G25 play premieres at Kigali Genocide Memorial

Actors perform at the premiere of Generation 25 (G25), a youth-produced play at the Kigali Genocide Memorial Amphitheatre on Friday night. Emmanuel Kwizera.

“Is it important to remember? Why should we remember painful memories?”

Generation 25 (G25), the youth-produced play that premiered at the Kigali Genocide Memorial Amphitheater on Friday night sought answers to these and more questions:

What kind of a man would kill their own baby? And are children born evil? If not, what ignites the flames of hatred in them later in life?

These questions aptly capture the psychological dilemma of a population demographic born during or shortly after the 1994 genocide against the Tutsi –the Generation 25 (G25), hence the play’s title.

In the play, this young generation collectively questions the past, as it assumes the mantle of being guardians of a dark, painful and bitter history they were never part of. The play ultimately poses the rhetorical question:

“If we don’t remember the painful memories, how will we prevent this generation and generations to come from going through what our past has been?”

Created by Mashirika Performing Arts and Media Company, the 25 minute play captures the feelings and thinking of young people that were born out of rape, in refugee camps, and those that were orphaned during the genocide.

The play is anchored on three broad pillars: the past, present, and the hopes and dreams of Rwanda’s youthful generation.

In it, the youthful actors expound on the causes, realities and consequences of the genocide. It further portrays the role of the young generation vis a vis that of older generations in building a new and unified legacy for the country, with a view to ‘Never Again’.

The show that was supposed to start at 6:00 pm, kicked off an hour later, with opening remarks from Hope Azeda, the artistic director of Mashirika, who in turn invited Edouard Bamporiki, the chairman National Itorero Commission:

“When I was doing film school in the Czech Republic, I was told that art is there to move hearts in a positive way,” Bamporiki stated.

“Looking back at the society of Rwanda, we had a bad experience of how art was used as a weapon to destroy our society. We are very proud as government and as Itorero to have this team that is promoting the culture of peace using art. When I was in Peace School, I was told; no peace without art.”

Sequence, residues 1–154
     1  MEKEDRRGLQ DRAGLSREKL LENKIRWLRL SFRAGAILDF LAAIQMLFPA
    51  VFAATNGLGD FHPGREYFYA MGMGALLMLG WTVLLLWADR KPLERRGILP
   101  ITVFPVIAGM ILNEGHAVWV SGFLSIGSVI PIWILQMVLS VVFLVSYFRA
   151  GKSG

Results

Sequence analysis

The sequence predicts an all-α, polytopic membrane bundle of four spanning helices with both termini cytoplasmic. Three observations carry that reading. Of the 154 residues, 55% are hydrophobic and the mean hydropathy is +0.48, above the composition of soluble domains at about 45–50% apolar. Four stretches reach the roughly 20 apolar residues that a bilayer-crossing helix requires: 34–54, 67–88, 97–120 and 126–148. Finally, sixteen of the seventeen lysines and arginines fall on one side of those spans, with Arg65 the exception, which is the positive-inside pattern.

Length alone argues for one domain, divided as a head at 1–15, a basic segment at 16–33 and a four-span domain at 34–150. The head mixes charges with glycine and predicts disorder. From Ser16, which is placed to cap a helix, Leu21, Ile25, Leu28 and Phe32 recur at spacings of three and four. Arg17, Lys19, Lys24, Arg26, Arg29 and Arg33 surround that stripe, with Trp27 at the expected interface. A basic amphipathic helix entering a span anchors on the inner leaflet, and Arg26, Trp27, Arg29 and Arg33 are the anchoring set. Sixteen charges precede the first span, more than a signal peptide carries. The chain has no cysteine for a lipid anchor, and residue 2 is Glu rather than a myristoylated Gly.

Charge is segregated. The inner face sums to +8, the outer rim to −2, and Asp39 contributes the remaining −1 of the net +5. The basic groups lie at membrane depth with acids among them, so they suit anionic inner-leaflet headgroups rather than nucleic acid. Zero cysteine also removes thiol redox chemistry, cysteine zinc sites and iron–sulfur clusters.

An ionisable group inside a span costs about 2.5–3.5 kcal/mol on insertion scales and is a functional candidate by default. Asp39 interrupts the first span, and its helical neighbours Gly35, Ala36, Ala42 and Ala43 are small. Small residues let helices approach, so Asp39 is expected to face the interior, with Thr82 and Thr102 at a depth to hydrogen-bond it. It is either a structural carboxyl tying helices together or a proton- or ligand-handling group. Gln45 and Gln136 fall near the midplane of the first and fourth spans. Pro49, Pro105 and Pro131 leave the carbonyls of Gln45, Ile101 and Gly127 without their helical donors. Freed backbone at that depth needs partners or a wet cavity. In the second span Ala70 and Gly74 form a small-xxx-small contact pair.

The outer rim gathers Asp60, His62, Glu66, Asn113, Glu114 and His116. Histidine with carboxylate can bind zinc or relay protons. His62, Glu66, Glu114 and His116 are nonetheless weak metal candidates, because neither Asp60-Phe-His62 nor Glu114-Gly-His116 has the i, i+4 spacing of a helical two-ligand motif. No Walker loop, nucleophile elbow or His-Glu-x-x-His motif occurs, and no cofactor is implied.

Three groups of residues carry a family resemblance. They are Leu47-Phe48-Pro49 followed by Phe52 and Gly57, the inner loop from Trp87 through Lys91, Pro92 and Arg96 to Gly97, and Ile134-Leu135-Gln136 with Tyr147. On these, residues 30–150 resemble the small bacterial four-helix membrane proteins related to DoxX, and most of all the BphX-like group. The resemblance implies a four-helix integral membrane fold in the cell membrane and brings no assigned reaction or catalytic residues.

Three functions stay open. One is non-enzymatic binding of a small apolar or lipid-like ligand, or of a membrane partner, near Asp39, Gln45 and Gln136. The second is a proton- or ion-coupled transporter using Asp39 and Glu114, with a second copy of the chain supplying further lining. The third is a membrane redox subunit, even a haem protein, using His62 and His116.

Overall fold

He asked the youth in attendance to enjoy the performances, but also learn from the messages of unity and love embedded in the play. He revealed that he had been a member of Mashirika before, and described Hope Azeda as a mentor.

The dance-oriented play unfolds through different portrays of miraculous survival stories during the genocide.

One of the main characters, Roza recounts how she was rescued by Marie, a 10 year old Hutu girl. The potential grave consequences of her kindness notwithstanding, Marie persists in her noble cause. In the end, she is able to put her point across: that no one is born evil, but that hate and prejudice can only be taught. 

Shane Muhimany, a performance artists based in the UK, travelled to Rwanda to take part in the play, and acts out his personal story: Muhimanyi was just two years old when his mother was killed in the genocide, and in the play, he poses questions on memory, trauma, and the restless search for home.

As an ode to his mother, he sings a song called Black is the color of my mother’s hair, a remake of Nina Simone’s Black is the color of my true love’s hair.

The play also shines a spotlight on the plight of thousands of children born out of rape, portrayed through the characters of Malaika and Manzi. Malaika is HIV positive, for which her mother tries to poison her. She survives, and nurtures her dream to become a tour guide in the future. For his part, Manzi resorts to rap music as a means of escape.

Though most were acting on a big stage for the first time, the actors received rapturous applause at the end of their performance, which came after a grueling six weeks of rehearsals.

The performance was followed by a special Kwibuka 25 panel discussion on the theme of Intergenerational Responsibility and Learning. Some of the panelists included; Ange Hirwa, a representative of Aegis Trust; Yannick Kamanzi, a G25 actor and co-director, and Mekha Ndayisenga, a young Rwandan.

The play will be staged again at the Ubumuntu Arts Festival, happening in July this year at the Kigali Genocide Memorial Amphitheater, before travelling to New York, where it will be staged twice.

editor@newtimesrwanda.com

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